I can’t tell you what brought me to YouTube in 2006, and I certainly can’t recall the first video I watched. However, I do know it was before LonelyGirl15 was exposed as “fake” and I do know Brookers was dominating the most subscribed list (For context, her channel has 60,000 subscribers. Today there are almost 2,000 channels over 1 million subs.) I also know that by that time, I knew I was obsessed with online communities and I knew I wanted to be a part of the YouTube community. Not because I saw it as an emerging, revolutionary platform, but because I was seeing connections happening on YouTube that were unlike anything I had ever been a part of (even Neopets guilds!.)
2007 was the year of John and Hank Green’s Brotherhood 2.0., a project in which the brothers set rules to cease text communication and only video blog. From that project forward, the YouTube community permanently intertwined itself with my life.
YouTube was something so special and dear to me, but I rarely tried to share it with anyone in real life. Describing the value of YT in 2007 was accepting the fact that you would have to attempt to explain a handful of foreign ideas and still be met with confusion and sarcasm.
For those first few years, video responses were the heart and soul of the community, so that’s usually how you got your in. It was important for people to be able to put a face to a username, and from there, your recognition steadily grew. All it took was a tweet from a quasi-famous YouTuber and your subscriber count doubled. I lurked for years before posting my first video. It was never my intention to gain YouTube popularity, but I was dying to have a voice in the community. So, I did it. I was in.
Soon my Friday nights were spent on BlogTV streams and Skype became a daily fixture in my life. We were all just friends with a website in common. I was doing collabs left and right. Gifs starting happening. I signed with the multi-channel network Big Frame and was beside myself. In 2013, I asked people to post a 10 second video giving a pun, and there were 40 video responses within a few days. The fact of the matter was, I could make dumb stuff and still have my friends on board.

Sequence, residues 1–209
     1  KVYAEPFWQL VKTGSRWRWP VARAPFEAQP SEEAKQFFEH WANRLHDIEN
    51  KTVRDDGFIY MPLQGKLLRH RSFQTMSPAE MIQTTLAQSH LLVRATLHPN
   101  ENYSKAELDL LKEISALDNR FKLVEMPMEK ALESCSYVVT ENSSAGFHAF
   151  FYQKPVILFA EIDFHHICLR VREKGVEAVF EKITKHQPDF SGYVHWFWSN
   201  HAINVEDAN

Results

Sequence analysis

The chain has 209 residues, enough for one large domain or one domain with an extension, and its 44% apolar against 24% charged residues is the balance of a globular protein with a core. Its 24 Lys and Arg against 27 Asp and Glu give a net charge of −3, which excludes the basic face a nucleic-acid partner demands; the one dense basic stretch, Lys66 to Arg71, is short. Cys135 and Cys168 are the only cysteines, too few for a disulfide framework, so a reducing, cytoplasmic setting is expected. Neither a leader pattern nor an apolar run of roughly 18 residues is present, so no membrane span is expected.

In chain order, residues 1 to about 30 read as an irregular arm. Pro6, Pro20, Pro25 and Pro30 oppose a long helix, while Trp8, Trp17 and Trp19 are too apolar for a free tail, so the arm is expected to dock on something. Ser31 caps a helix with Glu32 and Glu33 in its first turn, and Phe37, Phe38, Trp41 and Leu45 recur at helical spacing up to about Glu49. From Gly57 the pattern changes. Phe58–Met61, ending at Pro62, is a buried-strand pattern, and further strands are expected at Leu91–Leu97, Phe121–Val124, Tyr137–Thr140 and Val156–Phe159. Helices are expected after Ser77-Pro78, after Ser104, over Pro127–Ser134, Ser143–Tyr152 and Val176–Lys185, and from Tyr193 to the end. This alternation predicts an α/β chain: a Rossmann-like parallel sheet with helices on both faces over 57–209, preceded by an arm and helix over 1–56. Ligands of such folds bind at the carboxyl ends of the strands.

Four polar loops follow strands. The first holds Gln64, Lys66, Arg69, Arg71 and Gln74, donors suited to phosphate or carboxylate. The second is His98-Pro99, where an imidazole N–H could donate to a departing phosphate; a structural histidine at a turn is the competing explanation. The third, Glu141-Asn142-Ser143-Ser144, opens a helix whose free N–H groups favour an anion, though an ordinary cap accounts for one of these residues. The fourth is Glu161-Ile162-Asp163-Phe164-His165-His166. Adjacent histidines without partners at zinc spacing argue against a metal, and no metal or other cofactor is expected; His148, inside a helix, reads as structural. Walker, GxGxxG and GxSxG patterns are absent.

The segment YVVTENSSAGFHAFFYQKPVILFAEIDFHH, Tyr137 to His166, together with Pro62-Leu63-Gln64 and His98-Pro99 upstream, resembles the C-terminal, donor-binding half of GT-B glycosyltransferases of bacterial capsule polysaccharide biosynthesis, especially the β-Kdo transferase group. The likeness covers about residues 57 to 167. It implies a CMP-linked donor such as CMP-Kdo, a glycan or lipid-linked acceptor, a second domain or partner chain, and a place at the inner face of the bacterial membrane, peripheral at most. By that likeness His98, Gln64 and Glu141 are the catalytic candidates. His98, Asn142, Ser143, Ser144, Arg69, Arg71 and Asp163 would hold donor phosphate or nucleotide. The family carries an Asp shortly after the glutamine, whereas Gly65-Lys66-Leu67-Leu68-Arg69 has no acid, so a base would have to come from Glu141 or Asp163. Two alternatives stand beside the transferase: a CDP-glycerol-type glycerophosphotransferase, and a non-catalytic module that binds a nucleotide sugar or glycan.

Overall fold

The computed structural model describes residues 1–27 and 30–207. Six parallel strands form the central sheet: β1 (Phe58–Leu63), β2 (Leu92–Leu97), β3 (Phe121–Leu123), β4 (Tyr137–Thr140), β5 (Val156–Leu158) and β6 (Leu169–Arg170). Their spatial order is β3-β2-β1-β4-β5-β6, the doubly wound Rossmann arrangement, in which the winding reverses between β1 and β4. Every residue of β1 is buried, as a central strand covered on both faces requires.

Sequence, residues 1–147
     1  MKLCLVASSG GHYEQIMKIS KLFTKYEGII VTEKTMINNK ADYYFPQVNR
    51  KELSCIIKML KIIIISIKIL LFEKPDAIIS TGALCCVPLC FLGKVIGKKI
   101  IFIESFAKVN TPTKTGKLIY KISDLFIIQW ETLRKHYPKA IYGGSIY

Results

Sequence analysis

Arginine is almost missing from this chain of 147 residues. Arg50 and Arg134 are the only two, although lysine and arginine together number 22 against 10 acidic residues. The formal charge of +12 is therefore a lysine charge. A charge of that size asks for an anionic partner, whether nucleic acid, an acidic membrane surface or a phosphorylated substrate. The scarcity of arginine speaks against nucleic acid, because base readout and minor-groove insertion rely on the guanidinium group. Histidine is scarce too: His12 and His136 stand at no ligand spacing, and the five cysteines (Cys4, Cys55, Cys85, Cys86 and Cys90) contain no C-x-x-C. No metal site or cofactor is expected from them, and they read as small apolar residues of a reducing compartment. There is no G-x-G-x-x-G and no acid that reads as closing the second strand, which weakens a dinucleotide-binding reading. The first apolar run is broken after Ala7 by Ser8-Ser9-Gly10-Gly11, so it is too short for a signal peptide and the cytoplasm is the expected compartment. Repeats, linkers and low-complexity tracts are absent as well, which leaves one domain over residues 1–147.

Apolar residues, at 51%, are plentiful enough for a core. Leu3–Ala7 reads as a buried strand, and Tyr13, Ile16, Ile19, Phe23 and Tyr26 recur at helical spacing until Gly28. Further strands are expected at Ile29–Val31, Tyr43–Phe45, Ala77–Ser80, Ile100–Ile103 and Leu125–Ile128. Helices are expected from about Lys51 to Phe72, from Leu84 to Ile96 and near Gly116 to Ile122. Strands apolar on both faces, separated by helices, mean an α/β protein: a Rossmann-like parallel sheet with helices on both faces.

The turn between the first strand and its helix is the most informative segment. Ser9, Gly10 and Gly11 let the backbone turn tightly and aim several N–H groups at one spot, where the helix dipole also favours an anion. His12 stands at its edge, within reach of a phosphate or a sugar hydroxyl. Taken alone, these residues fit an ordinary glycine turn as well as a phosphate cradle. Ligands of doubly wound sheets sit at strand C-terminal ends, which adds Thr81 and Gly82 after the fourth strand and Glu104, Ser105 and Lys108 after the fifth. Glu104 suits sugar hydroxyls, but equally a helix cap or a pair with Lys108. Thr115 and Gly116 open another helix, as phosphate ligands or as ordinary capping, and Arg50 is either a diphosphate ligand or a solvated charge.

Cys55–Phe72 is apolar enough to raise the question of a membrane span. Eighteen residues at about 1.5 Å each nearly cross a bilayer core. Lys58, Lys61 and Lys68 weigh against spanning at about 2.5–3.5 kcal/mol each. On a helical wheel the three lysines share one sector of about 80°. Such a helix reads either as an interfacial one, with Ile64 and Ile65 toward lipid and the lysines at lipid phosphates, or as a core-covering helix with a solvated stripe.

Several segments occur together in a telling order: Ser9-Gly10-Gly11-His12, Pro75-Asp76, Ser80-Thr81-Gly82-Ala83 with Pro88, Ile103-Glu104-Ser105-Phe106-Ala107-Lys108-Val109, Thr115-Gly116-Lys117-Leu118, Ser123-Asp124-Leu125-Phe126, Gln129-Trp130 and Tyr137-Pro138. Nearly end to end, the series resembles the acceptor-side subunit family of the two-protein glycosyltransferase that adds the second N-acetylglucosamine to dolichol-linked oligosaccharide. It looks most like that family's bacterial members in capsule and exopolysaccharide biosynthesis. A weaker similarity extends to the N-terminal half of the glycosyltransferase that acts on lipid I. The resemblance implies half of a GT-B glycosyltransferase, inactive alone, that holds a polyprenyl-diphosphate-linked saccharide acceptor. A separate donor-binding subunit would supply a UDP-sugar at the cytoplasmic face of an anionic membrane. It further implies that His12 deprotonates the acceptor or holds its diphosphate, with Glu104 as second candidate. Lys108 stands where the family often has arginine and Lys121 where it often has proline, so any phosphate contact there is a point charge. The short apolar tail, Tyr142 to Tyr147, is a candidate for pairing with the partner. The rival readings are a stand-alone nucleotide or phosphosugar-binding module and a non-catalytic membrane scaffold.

After a couple years of this, I slowly made making videos much less of a priority and shifted my focus to design, dev, and strategy for talent and small companies. I haven’t made a video in well over a year now, but I still consider myself a YouTuber. I still go to Anaheim for VidCon. I still get awkward when people ask where I met so and so, and I’ve got to admit I still get most of my jobs because of YouTube, too.
It’s 2016 and things are insanely different, but that’s okay. To be living through a period of time where we can reflect and watch the rise and fall of online communities, social platforms, and commercial on-boarding… that’s cool as heck. To this day, one of the most rewarding things has been seeing the small and mighty communities get closer despite the inevitable commercial growth. Whether that be in the form of panels that feature smaller creators at conventions like VidCon and Playlist Live, or ongoing community projects like OneTimeStories, that shares stories by artists, writers and/or online video creators based on different themes.
The creators using it as a creative outlet or a platform for discussion, that’s where the true value lies. Is there money there? Maybe not. But authentic relationships and meaningful discussion… that’s what YouTube meant to me. That’s where my passion lies: in the cultivation and preservation of enriching online communities. That’s my YouTube.